A big part of the problem is that data science often happens in silos and isn’t well integrated with rest of the enterprise. There’s a movement to bring technologies, data scientists, and the business together to make enterprise data science truly successful. But to do that, you need a full platform. Here are some questions to think about:

  • What does this platform need?
  • What defines success?
  • What do business execs need to be successful?

To tackle enterprise data science successfully, companies need a data science platform that addresses all of these issues. And that’s why Oracle is excited about our recent acquisition of DataScience.com.

DataScience.com creates one place for your data science tools, projects, and infrastructure. It organizes work, allowing users to easily access data and computing resources. It also enables users to execute end-to-end model development workflows.

Quite simply, it addresses the need to manage data science teams and projects while providing the flexibility to innovate.

What does this mean, exactly? It means you can now:

Make data science more self-service

  • Launch sessions instantly with self-service access to the compute, data, and packages you need to get to work quickly on any size analysis.

Collaborate more efficiently

  • Organize your work via a project-based UI and work together on end-to-end modeling workflows with all of your work backed up by Git.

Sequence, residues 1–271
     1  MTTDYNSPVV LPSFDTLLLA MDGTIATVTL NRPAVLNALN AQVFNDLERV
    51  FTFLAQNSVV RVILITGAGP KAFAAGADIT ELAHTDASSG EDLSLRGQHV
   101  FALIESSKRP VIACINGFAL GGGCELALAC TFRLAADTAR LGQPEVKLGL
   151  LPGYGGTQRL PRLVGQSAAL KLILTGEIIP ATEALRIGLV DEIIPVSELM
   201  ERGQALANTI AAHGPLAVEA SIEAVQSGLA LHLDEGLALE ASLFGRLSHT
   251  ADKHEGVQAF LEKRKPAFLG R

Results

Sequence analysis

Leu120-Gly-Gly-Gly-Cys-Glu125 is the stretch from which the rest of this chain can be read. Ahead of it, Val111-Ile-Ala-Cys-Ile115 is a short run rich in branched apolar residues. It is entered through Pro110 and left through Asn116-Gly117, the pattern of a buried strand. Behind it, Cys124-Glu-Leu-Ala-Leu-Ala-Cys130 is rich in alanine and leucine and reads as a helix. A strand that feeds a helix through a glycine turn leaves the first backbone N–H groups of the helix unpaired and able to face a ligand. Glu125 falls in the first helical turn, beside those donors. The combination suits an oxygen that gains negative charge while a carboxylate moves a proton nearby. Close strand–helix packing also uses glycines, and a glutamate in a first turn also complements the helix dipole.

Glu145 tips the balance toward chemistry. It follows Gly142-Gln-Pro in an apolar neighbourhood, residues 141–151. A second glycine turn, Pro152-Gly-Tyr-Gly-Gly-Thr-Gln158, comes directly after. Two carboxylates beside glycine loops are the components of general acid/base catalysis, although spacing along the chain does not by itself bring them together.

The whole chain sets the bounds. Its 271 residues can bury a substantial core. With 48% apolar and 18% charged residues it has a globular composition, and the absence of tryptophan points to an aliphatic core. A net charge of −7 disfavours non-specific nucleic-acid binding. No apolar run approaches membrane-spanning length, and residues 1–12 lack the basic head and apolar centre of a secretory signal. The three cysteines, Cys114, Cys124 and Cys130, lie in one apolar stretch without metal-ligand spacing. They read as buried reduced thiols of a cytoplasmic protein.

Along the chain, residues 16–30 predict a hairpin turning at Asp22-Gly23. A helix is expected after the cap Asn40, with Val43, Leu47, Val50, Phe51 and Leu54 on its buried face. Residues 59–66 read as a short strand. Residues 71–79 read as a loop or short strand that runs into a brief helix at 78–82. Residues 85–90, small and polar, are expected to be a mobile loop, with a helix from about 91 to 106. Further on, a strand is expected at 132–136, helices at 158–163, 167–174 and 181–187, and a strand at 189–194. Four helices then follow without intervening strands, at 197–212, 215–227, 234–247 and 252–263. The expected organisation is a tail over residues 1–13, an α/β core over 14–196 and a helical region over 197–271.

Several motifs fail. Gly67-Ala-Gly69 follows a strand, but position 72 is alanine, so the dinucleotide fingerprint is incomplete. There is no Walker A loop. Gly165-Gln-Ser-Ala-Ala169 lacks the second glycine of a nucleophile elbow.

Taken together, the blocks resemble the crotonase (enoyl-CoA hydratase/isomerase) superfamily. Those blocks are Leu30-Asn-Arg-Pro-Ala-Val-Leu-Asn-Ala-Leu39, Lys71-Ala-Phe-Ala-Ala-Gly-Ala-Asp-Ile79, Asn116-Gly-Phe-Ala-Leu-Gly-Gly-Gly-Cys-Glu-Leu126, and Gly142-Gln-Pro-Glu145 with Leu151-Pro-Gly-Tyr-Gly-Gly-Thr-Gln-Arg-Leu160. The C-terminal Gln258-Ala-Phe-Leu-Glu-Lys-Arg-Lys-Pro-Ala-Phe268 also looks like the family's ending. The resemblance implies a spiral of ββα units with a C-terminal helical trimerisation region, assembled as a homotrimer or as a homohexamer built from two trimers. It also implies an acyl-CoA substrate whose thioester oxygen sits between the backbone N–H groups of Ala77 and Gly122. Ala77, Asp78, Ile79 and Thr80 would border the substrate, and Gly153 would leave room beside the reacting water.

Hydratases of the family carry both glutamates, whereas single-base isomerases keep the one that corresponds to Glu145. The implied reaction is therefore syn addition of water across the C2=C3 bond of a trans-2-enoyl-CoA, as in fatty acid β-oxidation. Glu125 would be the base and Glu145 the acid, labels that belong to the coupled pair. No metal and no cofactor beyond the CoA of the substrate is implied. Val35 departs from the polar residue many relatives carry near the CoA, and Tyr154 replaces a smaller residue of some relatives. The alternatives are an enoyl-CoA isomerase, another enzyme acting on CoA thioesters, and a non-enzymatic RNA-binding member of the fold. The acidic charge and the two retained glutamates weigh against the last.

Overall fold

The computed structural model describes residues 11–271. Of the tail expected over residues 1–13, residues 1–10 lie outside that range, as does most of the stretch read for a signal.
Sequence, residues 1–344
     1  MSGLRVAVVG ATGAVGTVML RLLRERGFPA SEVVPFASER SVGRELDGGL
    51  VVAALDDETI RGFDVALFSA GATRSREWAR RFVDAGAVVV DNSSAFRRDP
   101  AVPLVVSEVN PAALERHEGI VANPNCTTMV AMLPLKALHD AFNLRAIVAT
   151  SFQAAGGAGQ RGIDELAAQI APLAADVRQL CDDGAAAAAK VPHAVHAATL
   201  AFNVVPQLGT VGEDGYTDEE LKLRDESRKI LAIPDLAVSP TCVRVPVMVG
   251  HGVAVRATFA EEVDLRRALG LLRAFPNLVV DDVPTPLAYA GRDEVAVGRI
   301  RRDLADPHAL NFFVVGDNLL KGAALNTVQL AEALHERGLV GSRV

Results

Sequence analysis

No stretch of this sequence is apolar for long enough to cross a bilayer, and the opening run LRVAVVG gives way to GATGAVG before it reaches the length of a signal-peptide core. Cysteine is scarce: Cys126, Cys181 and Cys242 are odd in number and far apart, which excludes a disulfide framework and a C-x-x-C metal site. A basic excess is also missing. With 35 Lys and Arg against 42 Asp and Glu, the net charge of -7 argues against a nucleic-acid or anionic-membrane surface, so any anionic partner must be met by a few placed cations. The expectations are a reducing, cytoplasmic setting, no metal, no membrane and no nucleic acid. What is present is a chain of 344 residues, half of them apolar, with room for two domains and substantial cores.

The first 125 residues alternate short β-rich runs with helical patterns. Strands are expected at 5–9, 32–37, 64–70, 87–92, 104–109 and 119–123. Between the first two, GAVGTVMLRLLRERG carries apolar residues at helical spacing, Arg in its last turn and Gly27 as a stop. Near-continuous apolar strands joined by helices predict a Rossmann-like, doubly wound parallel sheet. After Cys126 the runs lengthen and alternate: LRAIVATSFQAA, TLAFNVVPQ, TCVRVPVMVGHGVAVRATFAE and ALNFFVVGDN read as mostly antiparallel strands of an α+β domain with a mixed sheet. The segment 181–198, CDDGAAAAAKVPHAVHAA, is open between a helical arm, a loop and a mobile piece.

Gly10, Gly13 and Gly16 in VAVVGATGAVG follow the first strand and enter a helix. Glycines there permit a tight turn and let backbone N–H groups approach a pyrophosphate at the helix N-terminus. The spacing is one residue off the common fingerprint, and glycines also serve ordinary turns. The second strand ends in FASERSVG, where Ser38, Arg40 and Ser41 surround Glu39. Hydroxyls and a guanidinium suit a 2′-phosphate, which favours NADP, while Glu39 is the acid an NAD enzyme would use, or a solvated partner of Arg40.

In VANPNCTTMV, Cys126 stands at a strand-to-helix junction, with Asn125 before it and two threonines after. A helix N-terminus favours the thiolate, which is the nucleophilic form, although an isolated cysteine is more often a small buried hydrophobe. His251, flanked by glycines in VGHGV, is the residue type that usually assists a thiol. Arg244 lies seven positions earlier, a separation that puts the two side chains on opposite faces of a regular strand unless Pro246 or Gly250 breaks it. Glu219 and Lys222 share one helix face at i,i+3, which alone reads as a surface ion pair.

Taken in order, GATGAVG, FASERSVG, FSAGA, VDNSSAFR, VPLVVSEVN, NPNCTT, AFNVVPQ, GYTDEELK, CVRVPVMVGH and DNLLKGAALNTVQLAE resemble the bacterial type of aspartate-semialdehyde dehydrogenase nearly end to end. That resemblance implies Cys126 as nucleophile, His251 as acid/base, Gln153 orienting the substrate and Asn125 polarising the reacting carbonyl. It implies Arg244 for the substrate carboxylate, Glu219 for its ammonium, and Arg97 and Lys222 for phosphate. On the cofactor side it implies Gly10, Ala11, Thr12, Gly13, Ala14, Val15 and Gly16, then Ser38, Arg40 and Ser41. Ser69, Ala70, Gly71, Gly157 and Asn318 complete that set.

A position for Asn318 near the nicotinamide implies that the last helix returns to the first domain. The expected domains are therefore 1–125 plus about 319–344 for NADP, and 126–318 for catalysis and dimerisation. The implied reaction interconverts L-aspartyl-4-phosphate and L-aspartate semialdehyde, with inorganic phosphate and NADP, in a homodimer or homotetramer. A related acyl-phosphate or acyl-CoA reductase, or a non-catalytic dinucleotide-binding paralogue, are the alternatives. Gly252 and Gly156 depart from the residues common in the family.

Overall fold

Get more work done faster

  • Leverage the best of open source machine learning frameworks on a platform tightly integrated with high performance Oracle Cloud Infrastructure

Now Oracle can integrate big data and data science tools all in one place, with a single self-service interface that makes enterprise data science possible—there are more possibilities than ever now.

Companies are scrambling to make machine learning solutions work so they can realize the full potential of it—and with DataScience.com, we’re many steps closer to that machine learning future we all keep hearing about.

If you have any other questions or you’d like to see our machine learning software, feel free to contact us.

You can also refer back to some of the articles we’ve created on machine learning best practices and challenges concerning that. Or, download your free ebook, “Demystifying Machine Learning.”

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7 Data Lab Best Practices for Data Science

Perhaps you’re looking for a better way to perform data experimentation and facilitate data discovery. Or to start using machine learning to uncover more innovation opportunities through data.